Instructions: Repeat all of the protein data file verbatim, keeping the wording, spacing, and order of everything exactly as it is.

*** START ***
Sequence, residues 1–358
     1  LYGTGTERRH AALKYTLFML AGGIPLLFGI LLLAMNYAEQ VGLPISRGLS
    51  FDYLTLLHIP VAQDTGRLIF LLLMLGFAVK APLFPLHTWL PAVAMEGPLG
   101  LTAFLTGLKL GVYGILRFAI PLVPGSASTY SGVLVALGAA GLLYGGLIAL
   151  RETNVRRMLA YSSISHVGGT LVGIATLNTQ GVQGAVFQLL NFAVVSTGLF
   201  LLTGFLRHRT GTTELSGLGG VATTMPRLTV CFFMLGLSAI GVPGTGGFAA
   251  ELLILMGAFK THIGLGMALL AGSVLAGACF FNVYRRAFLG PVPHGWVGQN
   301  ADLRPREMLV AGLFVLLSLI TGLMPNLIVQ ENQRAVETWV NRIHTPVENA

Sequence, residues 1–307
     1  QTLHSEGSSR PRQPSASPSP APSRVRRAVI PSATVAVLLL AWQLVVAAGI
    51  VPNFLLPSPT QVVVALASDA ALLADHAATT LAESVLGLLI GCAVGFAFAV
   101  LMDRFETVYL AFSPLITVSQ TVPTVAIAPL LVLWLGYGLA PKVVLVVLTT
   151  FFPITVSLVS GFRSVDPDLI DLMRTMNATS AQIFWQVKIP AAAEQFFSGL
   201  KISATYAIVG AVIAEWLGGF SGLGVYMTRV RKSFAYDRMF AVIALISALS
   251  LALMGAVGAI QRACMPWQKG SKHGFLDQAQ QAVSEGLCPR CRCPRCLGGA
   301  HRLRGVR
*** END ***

Sequence, residues 1–358
     1  LYGTGTERRH AALKYTLFML AGGIPLLFGI LLLAMNYAEQ VGLPISRGLS
    51  FDYLTLLHIP VAQDTGRLIF LLLMLGFAVK APLFPLHTWL PAVAMEGPLG
   101  LTAFLTGLKL GVYGILRFAI PLVPGSASTY SGVLVALGAA GLLYGGLIAL
   151  RETNVRRMLA YSSISHVGGT LVGIATLNTQ GVQGAVFQLL NFAVVSTGLF
   201  LLTGFLRHRT GTTELSGLGG VATTMPRLTV CFFMLGLSAI GVPGTGGFAA
   251  ELLILMGAFK THIGLGMALL AGSVLAGACF FNVYRRAFLG PVPHGWVGQN
   301  ADLRPREMLV AGLFVLLSLI TGLMPNLIVQ ENQRAVETWV NRIHTPVENA

Sequence, residues 1–307
     1  QTLHSEGSSR PRQPSASPSP APSRVRRAVI PSATVAVLLL AWQLVVAAGI
    51  VPNFLLPSPT QVVVALASDA ALLADHAATT LAESVLGLLI GCAVGFAFAV
   101  LMDRFETVYL AFSPLITVSQ TVPTVAIAPL LVLWLGYGLA PKVVLVVLTT
   151  FFPITVSLVS GFRSVDPDLI DLMRTMNATS AQIFWQVKIP AAAEQFFSGL
   201  KISATYAIVG AVIAEWLGGF SGLGVYMTRV RKSFAYDRMF AVIALISALS
   251  LALMGAVGAI QRACMPWQKG SKHGFLDQAQ QAVSEGLCPR CRCPRCLGGA
   301  HRLRGVR